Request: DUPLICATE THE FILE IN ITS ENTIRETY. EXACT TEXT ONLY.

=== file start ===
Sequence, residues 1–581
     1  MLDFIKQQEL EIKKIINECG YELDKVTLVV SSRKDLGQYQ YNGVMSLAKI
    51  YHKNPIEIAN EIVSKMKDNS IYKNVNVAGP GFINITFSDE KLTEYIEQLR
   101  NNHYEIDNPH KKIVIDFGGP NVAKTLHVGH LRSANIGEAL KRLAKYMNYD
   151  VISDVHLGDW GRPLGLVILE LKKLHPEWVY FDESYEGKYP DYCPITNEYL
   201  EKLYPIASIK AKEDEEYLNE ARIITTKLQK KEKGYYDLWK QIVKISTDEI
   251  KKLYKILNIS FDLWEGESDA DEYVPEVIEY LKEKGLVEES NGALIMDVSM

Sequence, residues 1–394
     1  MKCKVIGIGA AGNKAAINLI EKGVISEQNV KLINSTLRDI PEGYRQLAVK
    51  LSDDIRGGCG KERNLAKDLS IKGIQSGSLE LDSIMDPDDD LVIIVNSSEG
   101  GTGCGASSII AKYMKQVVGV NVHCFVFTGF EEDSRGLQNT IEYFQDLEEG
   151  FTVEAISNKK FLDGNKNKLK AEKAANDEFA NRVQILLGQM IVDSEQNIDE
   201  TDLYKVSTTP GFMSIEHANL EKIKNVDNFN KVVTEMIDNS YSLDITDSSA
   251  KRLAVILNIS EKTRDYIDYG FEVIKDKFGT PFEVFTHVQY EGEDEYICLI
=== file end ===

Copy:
Sequence, residues 1–581
     1  MLDFIKQQEL EIKKIINECG YELDKVTLVV SSRKDLGQYQ YNGVMSLAKI
    51  YHKNPIEIAN EIVSKMKDNS IYKNVNVAGP GFINITFSDE KLTEYIEQLR
   101  NNHYEIDNPH KKIVIDFGGP NVAKTLHVGH LRSANIGEAL KRLAKYMNYD
   151  VISDVHLGDW GRPLGLVILE LKKLHPEWVY FDESYEGKYP DYCPITNEYL
   201  EKLYPIASIK AKEDEEYLNE ARIITTKLQK KEKGYYDLWK QIVKISTDEI
   251  KKLYKILNIS FDLWEGESDA DEYVPEVIEY LKEKGLVEES NGALIMDVSM

Sequence, residues 1–394
     1  MKCKVIGIGA AGNKAAINLI EKGVISEQNV KLINSTLRDI PEGYRQLAVK
    51  LSDDIRGGCG KERNLAKDLS IKGIQSGSLE LDSIMDPDDD LVIIVNSSEG
   101  GTGCGASSII AKYMKQVVGV NVHCFVFTGF EEDSRGLQNT IEYFQDLEEG
   151  FTVEAISNKK FLDGNKNKLK AEKAANDEFA NRVQILLGQM IVDSEQNIDE
   201  TDLYKVSTTP GFMSIEHANL EKIKNVDNFN KVVTEMIDNS YSLDITDSSA
   251  KRLAVILNIS EKTRDYIDYG FEVIKDKFGT PFEVFTHVQY EGEDEYICLI